Bashar al-Assad’s secret weapon

Beauty compels us to do crazy things—like fall in love or leave our spouse or get plastic surgery. It has mystical powers that elevate distraction into an art, whereby beholders get lost on surfaces, lose all self-awareness and proceed to ignore or deny more deeply held truths. As the poet Jessica Hagedorn writes, “There is real beauty in my eyes when I lose my mind.” This does not apply only to the personal and private but also to politics.

As we’ve seen in the adulation of Syrian first lady, Asma al-Assad, beauty can even override morality.

Asma Al-Assad’s looks and fashion sense have bewitched the presses. Just ask Vogue, bastion of lifestyle journalism, about their March 2011 profile of her which portrayed the Syrian first family as glamorous, progressive and sane. Of course that was about the same time Syrian president Bashar al-Assad, Asma’s husband, began what would become a now 15-month (and counting) slaughter of Syrian citizens (the death toll is estimated at 9,000). Vogue writer Joan Juliet Buck was so wowed by Asma’s elegance, she inelegantly overlooked a country on the brink, comically describing Syria as “the safest country in the Middle East”.

Anna Wintour must not have been too happy then, when she had to retract the story (it was removed from their online archives, though Syrian PR czars have preserved it for posterity) and take responsibility for the magazine’s pitiful pandering:  “Like many at that time, we were hopeful that the Assad regime would be open to a more progressive society,” Wintour wrote earlier this week. “Subsequent to our interview, as the terrible events of the past year and a half unfolded in Syria, it became clear that its priorities and values were completely at odds with those of Vogue. The escalating atrocities in Syria are unconscionable and we deplore the actions of the Assad regime in the strongest possible terms.”

But the Vogue story made an indelible imprint. Borrowing their buffed up branding of the barbaric regime, the New York Times even found a way to glamorize what Israel’s Deputy Prime Minister Shaul Mofaz called a genocide. “Syria’s Assads Turned to West for Glossy P.R.” read The Times’ June 10 headline. In the story, Asma was described as Bashar’s “beautiful British-born wife”, treating her desirability as objective fact. This is a beauty so magnificent, the Times affirmed, calling it so can not be subjective.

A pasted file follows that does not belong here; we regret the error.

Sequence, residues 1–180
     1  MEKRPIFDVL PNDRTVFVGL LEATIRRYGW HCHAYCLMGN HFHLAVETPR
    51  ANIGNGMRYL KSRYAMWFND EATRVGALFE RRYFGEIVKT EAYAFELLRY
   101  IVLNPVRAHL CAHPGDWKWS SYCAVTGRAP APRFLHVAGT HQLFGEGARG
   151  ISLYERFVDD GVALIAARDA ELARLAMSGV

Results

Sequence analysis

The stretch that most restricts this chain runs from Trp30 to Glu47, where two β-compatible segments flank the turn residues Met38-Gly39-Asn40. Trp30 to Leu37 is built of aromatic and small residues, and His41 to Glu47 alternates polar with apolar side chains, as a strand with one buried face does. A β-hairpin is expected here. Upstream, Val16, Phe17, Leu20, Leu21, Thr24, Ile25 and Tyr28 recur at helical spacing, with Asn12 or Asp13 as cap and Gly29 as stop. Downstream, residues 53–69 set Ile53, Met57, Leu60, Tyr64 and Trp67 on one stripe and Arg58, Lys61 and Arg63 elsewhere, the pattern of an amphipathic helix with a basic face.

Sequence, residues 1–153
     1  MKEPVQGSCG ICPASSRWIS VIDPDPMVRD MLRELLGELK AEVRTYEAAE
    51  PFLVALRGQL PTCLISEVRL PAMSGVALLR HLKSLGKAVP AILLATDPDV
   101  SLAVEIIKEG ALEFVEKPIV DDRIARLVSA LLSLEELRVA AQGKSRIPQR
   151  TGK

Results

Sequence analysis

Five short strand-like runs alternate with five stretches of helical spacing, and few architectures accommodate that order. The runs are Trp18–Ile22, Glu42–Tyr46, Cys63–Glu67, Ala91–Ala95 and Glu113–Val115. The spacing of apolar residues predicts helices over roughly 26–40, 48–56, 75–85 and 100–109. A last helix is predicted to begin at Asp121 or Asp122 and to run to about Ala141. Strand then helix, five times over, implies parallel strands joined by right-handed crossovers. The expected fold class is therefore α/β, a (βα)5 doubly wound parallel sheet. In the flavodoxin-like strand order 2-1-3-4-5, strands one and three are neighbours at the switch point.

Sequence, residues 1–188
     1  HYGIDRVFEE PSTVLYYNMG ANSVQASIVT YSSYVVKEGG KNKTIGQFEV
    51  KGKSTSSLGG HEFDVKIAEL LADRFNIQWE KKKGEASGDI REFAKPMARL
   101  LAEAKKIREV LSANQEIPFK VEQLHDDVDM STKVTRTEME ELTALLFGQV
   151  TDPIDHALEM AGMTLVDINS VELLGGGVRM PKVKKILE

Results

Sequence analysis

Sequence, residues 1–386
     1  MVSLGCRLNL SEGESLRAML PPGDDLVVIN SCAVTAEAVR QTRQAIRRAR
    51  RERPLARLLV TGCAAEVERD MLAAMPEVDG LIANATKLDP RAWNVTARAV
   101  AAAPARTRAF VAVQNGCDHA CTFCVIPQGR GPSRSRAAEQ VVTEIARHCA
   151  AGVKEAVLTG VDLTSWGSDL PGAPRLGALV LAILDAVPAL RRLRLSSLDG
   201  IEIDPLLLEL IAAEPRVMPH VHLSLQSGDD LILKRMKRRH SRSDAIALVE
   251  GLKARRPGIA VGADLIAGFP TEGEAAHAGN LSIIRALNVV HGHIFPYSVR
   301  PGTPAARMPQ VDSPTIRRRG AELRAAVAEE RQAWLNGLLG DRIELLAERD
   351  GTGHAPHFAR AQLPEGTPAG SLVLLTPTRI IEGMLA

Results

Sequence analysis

Vogue’s Buck caught a lot of flack for the profile headline “A Rose in the Desert”—which she later recanted on National Public Radio. During the interview, Buck explained: “Vogue is always on the lookout for good-looking first ladies because they’re a combination of power and beauty and elegance—that’s what Vogue is about. And here was this woman who had never given an interview, who was extremely thin and very well-dressed and therefore qualified to be in Vogue.” Buck described Al-Assad, who was born, raised and educated in Great Britain, where she later worked as an investment banker, as “intelligent” and “career-minded.” But more importantly, she told NPR, “she never ate”.

Asked if she regrets the story, Buck told NPR she was “horrified” that she had ever gone near the Assads. She called their denial of Syrian atrocities “disgusting”—but the damage has been done.

Anyone who read the Vogue profile or saw the Times’ glossy photo of the stylish Assads parading down a Paris street will now associate them with haute couture and the high life even as their crimes at home grow more sadistic.

Beauty can be so brutal.

In April, the German and British ambassadors sent a letter to Asma imploring her to “Stop your husband and his supporters…stop being a bystander,” with an attachment intercutting photos of the Syrian Queen with images of maimed and bloodied children. But to no avail.

“Of course it’s not going to have any effect,” Buck told NPR.

The poet Hagedorn might differ: “In Manila,” she writes in her collection Danger and Beauty, “the president’s wife dictates martial law with her thighs.”